I10 minutes
II20 minutes
III30 minutes
IV50 minutes
Vmore than 60 minutes
VImore than 60 minutes

The following can help you determine what type of skin you have:

Skin type I:
  • very light skin, very often with freckles
  • reddish or strawberry blond hair
  • blue or gray eyes
  • UV radiation leads to sunburn within 10 minutes, skin doesn't tan
Skin type II:
  • light skin, often with freckles
  • blond or brown hair
  • all eye colors
  • UV radiation leads to sunburn within 20 minutes, skin hardly tans or tans only moderately
Skin type III:
  • light or light brown skin, rarely with freckles
  • dark blond or brown hair
  • gray or brown eyes
  • UV radiation leads to sunburn within 30 minutes, skin tans easily
Skin type IV:
  • light brown or olive-colored skin, no freckles
  • dark brown hair
  • brown or dark brown eyes
  • UV radiation leads to sunburn within 50 minutes, skin soon becomes deeply tanned
Skin type V:
  • dark brown skin
  • dark brown or black hair
  • dark brown eyes
  • UV radiation only leads to sunburn after more than 60 minutes, skin doesn't become darker
Skin type VI:
  • dark brown or black skin
  • black hair
  • dark brown eyes
  • UV radiation only leads to sunburn after more than 60 minutes, skin doesn't become darker

Very light skin and light skin (types I and II) are typical in places like Scandinavia and Great Britain, and people who have a medium brown skin tone with dark eyes and dark hair (type IV) mainly live in the Mediterranean and geographically similar areas. People with even darker or black skin (types V and VI) have their roots in places like certain areas of Asia or Africa.

Sources

  • Arbeitsgemeinschaft der Wissenschaftlichen Medizinischen Fachgesellschaften (AWMF), Deutsche Krebsgesellschaft (DKG), Deutsche Krebshilfe (DKH). S3-Leitlinie Prävention von Hautkrebs. AWMF-Registernr.: 032-052OL. April 2014. (Leitlinienprogramm Onkologie).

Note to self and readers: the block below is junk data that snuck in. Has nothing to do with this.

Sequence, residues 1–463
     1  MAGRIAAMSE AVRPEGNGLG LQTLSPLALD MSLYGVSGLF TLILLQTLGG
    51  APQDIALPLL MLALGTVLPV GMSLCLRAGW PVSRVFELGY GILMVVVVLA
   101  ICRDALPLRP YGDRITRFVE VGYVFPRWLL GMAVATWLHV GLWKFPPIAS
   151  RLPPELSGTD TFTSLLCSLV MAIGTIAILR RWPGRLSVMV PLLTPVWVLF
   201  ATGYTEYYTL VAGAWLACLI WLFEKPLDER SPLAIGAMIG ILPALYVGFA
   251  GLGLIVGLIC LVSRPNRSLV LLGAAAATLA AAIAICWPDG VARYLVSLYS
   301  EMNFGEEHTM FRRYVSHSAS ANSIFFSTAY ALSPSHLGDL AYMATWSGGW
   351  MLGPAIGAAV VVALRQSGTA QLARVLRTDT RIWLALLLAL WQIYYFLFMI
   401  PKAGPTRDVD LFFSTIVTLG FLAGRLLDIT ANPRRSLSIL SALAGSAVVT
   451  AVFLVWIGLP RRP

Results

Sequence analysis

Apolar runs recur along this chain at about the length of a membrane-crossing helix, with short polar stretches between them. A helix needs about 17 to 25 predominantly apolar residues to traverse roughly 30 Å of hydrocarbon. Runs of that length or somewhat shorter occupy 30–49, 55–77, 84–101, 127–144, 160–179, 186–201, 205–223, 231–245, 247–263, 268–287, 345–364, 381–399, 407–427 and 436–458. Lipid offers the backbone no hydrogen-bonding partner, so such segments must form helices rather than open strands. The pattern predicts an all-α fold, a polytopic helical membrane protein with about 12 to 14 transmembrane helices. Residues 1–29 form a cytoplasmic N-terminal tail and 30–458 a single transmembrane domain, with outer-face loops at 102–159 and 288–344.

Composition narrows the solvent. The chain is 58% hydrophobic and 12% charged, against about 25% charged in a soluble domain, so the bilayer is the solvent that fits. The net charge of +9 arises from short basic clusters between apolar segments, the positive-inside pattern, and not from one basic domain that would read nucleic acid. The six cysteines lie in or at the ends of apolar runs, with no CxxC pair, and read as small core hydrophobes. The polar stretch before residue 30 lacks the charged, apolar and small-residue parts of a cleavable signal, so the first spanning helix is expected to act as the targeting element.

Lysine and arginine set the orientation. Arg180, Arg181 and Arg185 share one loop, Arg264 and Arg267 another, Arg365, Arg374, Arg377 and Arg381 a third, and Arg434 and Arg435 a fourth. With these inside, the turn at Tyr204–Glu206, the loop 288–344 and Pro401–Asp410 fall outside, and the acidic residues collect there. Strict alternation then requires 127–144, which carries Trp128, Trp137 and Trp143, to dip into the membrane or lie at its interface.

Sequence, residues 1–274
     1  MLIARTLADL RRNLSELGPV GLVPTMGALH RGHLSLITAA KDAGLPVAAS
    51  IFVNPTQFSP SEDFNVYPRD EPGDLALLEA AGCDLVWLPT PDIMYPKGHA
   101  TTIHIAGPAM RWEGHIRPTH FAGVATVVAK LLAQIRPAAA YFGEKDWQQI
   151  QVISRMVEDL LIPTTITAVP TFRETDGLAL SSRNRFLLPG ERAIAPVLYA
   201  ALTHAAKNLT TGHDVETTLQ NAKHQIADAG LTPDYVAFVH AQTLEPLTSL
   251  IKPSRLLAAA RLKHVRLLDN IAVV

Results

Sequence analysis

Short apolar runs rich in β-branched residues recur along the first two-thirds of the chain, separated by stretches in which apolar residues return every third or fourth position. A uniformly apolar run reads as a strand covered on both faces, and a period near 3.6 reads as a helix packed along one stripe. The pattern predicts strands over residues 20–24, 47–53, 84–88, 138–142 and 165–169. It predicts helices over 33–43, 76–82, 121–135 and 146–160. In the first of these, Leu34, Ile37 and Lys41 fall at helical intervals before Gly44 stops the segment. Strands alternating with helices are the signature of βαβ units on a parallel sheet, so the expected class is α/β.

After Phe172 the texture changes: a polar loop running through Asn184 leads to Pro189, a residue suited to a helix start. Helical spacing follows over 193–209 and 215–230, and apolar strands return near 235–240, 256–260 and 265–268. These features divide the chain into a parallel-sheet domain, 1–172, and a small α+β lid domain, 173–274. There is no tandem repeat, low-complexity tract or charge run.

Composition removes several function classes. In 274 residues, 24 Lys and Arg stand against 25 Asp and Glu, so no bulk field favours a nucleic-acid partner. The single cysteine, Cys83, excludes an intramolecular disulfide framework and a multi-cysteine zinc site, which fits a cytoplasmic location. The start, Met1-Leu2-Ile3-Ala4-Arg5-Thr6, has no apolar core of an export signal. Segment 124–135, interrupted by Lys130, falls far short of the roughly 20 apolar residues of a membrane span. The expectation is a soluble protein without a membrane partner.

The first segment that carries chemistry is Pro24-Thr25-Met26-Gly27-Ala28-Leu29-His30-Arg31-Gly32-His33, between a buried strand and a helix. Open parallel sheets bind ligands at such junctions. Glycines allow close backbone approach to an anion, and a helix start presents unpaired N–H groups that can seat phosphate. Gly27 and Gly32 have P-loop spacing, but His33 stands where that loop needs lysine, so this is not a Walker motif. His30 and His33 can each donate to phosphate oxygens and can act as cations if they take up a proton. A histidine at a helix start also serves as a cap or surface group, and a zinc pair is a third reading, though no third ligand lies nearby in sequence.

• Höger P. Kinderdermatologie: Differenzialdiagnostik und Therapie bei Kindern und Jugendlichen. Stuttgart: Schattauer; 2011.
  • Lautenschlager S, Wulf HC, Pittelkow MR. Photoprotection. Lancet 2007; 370(9586): 528-537. [PubMed: 17693182]
  • World Health Organization (WHO). Global solar UV index. A Practical Guide. 08.2002.
  • IQWiG health information is written with the aim of helping people understand the advantages and disadvantages of the main treatment options and health care services.

    Because IQWiG is a German institute, some of the information provided here is specific to the German health care system. The suitability of any of the described options in an individual case can be determined by talking to a doctor. We do not offer individual consultations.

    Our information is based on the results of good-quality studies. It is written by a team of health care professionals, scientists and editors, and reviewed by external experts. You can find a detailed description of how our health information is produced and updated in our methods.

© IQWiG (Institute for Quality and Efficiency in Health Care)
Bookshelf ID: NBK321117